Cohousing is a model of residential light footprint planning that blends private space with shared resources. It originated in Denmark in the 1960’s and was adopted enthusiastically in America and the UK. Interest is now growing in Australia and innovative housing projects in both urban and rural environments, are drawing on the core elements of successful cohousing developments around the world.
The spatial planning of a traditional cohousing precinct encourages social interconnectedness with detached or conjoined dwellings built close together facing a central shared garden or courtyard. The optimal size is generally considered to be a group of 25-35 households. Front doors open onto paths, gardens and play spaces while vehicles (often shared) and fenced areas are at the back.
Cohousing design incorporates a Common House or common areas within a multi-use building. The Common House, if separate, is often the visual focus of the layout. It is both the social hub and practical adjunct to the private dwellings. While cooking, sleeping, showering etc are all available in the privacy of each residence, the Common House enables everyone to celebrate and share together. There will be somewhere to cook and eat, plus options such as laundry, guest accommodation, games room, tool shed, art studio or other spaces to meet the needs of residents.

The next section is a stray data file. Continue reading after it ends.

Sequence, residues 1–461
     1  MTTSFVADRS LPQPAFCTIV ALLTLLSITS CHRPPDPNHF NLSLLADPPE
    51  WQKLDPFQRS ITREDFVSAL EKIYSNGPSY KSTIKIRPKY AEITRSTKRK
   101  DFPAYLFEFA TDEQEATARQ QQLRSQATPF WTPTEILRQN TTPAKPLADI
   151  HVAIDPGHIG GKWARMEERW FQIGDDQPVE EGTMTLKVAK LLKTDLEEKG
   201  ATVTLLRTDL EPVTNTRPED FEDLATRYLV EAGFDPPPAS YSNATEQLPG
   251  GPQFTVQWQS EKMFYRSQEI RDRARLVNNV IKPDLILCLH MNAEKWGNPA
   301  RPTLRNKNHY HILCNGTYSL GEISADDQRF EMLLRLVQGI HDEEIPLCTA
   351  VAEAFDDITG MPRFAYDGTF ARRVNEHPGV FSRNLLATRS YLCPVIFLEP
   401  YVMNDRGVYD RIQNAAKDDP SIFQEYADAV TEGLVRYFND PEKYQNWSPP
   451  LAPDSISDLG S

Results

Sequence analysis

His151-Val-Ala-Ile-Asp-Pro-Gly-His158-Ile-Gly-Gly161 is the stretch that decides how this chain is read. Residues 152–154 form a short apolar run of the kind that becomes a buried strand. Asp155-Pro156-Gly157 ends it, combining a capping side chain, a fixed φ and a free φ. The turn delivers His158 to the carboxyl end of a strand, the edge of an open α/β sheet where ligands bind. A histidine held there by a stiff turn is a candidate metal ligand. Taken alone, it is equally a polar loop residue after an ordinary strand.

Narara Ecovillage integrates the social, economic and environmental benefits of the cohousing model in creative ways. In Stage 1 the unique cluster development of 18 units uses a very small land footprint. It is close to existing community amenities at the heart of the ecovillage.
Our Stage 2 Master Plan incorporates a sector demonstrating a more classic cohousing layout with a Common House and small lots around a central open green space. There are no fences between houses and pathways through community gardens lead to the extensive land of the Narara Valley for which all ecovillage members share responsibility.
We practice the cohousing principles of collaborative decision-making, reduced consumption, sharing resources and supporting one another in our community values as well as our governance and decision-making.